Newspaper article The Canadian Press

Supreme Court of Canada Changes Guidelines for International Child Custody Cases

Newspaper article The Canadian Press

Supreme Court of Canada Changes Guidelines for International Child Custody Cases

Article excerpt

SCC gives new guidance on international custody cases


Canada's top court is issuing new guidelines on how international custody disputes should be judged, saying "all relevant circumstances" should be taken into account when deciding what country a child should live in.

The direction from the Supreme Court of Canada comes in a ruling on a custody battle involving parents who clashed on whether their children should live in Canada or Germany. Much of the case hinged on how much say children should have in such matters and what constitutes their "habitual residence."

"The issues raised are important, and the law on how cases such as this fall to be decided requires clarification," the court said in a written decision issued Friday.

To date, judgements in Canada have been based mainly on what a parent's circumstances and "intentions" were when taking a child across borders in breach of a custody agreement, the top court said.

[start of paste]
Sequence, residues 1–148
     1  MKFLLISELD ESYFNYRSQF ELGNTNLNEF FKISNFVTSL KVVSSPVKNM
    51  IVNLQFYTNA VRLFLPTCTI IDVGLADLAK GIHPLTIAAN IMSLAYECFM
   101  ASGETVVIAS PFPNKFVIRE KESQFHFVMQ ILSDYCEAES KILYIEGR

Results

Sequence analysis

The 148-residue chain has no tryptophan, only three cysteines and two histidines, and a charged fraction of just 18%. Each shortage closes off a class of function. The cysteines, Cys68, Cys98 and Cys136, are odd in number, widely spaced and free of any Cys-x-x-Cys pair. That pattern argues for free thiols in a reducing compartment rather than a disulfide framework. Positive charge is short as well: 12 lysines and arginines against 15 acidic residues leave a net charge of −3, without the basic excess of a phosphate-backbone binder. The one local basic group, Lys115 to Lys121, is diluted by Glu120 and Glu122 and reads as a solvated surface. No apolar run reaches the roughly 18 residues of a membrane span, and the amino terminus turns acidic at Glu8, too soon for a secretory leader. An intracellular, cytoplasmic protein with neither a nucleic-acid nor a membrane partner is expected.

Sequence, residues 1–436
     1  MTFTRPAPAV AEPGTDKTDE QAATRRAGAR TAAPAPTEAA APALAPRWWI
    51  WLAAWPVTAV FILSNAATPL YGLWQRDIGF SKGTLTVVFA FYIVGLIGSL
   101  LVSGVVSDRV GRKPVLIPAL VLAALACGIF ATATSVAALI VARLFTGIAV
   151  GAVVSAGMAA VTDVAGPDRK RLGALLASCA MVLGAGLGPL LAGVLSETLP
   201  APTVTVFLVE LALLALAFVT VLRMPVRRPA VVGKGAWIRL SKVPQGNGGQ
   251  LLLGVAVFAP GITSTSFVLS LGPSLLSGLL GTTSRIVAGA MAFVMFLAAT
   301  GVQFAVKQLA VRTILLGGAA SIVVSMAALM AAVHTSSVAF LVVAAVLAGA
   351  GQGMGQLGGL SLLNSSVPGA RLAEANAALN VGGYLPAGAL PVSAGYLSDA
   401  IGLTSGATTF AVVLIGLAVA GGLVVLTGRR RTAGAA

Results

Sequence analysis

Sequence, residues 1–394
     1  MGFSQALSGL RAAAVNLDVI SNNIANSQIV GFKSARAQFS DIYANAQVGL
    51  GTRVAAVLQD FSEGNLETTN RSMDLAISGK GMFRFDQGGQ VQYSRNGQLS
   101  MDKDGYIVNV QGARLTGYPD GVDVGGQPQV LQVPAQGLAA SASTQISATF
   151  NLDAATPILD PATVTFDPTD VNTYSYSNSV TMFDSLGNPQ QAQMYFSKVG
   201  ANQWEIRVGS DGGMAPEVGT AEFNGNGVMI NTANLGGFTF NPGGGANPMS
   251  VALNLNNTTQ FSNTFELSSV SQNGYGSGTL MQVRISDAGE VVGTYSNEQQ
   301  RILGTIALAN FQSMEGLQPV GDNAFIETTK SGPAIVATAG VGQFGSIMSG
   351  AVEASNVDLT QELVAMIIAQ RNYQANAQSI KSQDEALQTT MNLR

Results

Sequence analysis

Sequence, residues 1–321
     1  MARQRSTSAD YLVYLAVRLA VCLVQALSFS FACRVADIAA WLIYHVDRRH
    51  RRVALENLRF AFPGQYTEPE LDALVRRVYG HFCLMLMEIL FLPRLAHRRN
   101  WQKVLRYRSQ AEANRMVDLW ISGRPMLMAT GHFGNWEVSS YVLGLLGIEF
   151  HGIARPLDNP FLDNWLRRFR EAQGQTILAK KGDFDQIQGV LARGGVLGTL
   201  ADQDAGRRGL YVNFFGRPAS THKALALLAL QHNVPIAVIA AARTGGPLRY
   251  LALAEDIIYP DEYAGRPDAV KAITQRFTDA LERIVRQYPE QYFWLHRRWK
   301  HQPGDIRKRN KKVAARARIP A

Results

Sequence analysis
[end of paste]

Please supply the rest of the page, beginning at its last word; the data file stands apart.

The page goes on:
But the legal system should be looking at all factors, including a child's links to a particular country, the circumstances of their movement between countries, and the duration, conditions, reasons for and frequency of their stays in the country, the court ruled.

"The hybrid approach best fulfills the goals of prompt return (by) deterring parents from abducting the child in an attempt to establish links with a country that may award them custody, encouraging the speedy adjudication of custody or access disputes in the forum of the child's habitual residence, and protecting the child from the harmful effects of wrongful removal or retention," the court said.

Under the Hague Convention on the Civil Aspects of International Child Abduction -- a treaty that sets out custody laws for the nearly 100 signatory countries -- children must be quickly returned to the country of their "habitual residence" if they are taken away from it by a guardian who does not have permission to do so.

The convention does not, however, define what constitutes a "habitual residence," leaving it up to courts to decide in each case. …

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